Laguna Niguel may be some 50 miles from Hollywood, but it does have a few connections to Tinseltown.
One is very near and dear to my heart: the late actress Beverly Roberts, a Warner Bros. starlet.
She made 27 films, and two popped up Monday evening on Turner Classic Movies: Hot Money, (1936) not often shown and China Clipper (1936), which is regularly shown on TCM.
I had the pleasure of meeting Beverly a few years ago, and we spent many hours talking about her life as a film star. She lived in Laguna Niguel off Flying Cloud high above the city for years after she retired from Hollywood.
Her roommate was another film star, Wynne Gibson whom she lived with for many years until Gibson's death in 1987 of a cerebral thrombosis, after suffering an attack in the home.
Beverly passed away July, 13, 2009, at the age of 96, but her memory lives on through her films like those being shown on TCM tonight.
I will never forget the precious hours I spent with her and how I became mesmerized by her stories of swashbuckler Errol Flynn, (who asked her if she wanted to smoke), as well as hearing about the time she went for a sail with Humphrey Bogart.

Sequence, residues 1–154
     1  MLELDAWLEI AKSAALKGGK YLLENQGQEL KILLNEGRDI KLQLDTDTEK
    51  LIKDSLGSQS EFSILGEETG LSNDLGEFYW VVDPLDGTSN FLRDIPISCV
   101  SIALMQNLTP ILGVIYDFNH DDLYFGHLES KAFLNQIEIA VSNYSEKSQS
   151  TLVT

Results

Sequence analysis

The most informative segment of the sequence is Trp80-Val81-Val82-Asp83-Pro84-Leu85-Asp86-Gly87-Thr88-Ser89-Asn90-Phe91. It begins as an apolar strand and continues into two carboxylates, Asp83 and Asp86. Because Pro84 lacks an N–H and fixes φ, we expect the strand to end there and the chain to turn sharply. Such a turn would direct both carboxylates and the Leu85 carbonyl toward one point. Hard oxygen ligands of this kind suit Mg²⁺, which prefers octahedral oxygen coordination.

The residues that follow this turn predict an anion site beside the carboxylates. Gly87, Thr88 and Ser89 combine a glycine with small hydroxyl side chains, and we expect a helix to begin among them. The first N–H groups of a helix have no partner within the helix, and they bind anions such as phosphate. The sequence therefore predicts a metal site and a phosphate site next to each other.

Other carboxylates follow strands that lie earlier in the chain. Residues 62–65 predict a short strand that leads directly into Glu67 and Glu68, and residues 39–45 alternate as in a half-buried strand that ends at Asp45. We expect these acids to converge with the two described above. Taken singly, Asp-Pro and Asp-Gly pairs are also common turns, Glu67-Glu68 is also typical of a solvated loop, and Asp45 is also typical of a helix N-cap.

She also appeared in God's Country and the Woman (1937), which was Warner Bros. first Technicolor production, filmed at Mt. St. Helens, Ore., it was her most prestigious film.
She left Warner Bros. studio in 1940 to pursue a career as a singer, touring the U.S. with the Dorsey Brothers band. In the early 1950s, she appeared on many radio and TV shows.
By 1954, she was appointed administrator of the Theater Authority in New York City, whose members comprised the five entertainment unions.The organization exercised jurisdiction over the appearance of performers at charity events and telethons. She told me she was responsible for coming up with the idea to hold the Jerry Lewis telethons on Labor Day. She stayed with the Authority for 25 years.
Each and every time that I would visit her, she would greet me with the same endearing smile and special greeting as soon as I’d walk in: “Wanna see my touch my toes?” she’d say bending down like the late Jack LaLane.
Although she never made it as big as some of the other stars of her era, Beverly’s likeness did make it up on the silver screen more than many who went to Hollywood to find their dream.
She retired in 1977 to Laguna Niguel. In March 2002, she was honored at the Del Mar Theater in Santa Cruz, when China Clipper was shown at its grand re-opening. She was also honored at the Cinecon Film Festival in Hollywood in August 2002.
I salute Beverly today and I miss her cheerful outlook on life, and of course, her toe-touches. There will never be another Beverly Roberts. I’m honored to say that I knew her and even more thankful that she shared her fascinating life with me.
Be sure to check out her films and drop me a comment telling me what you thought of her acting.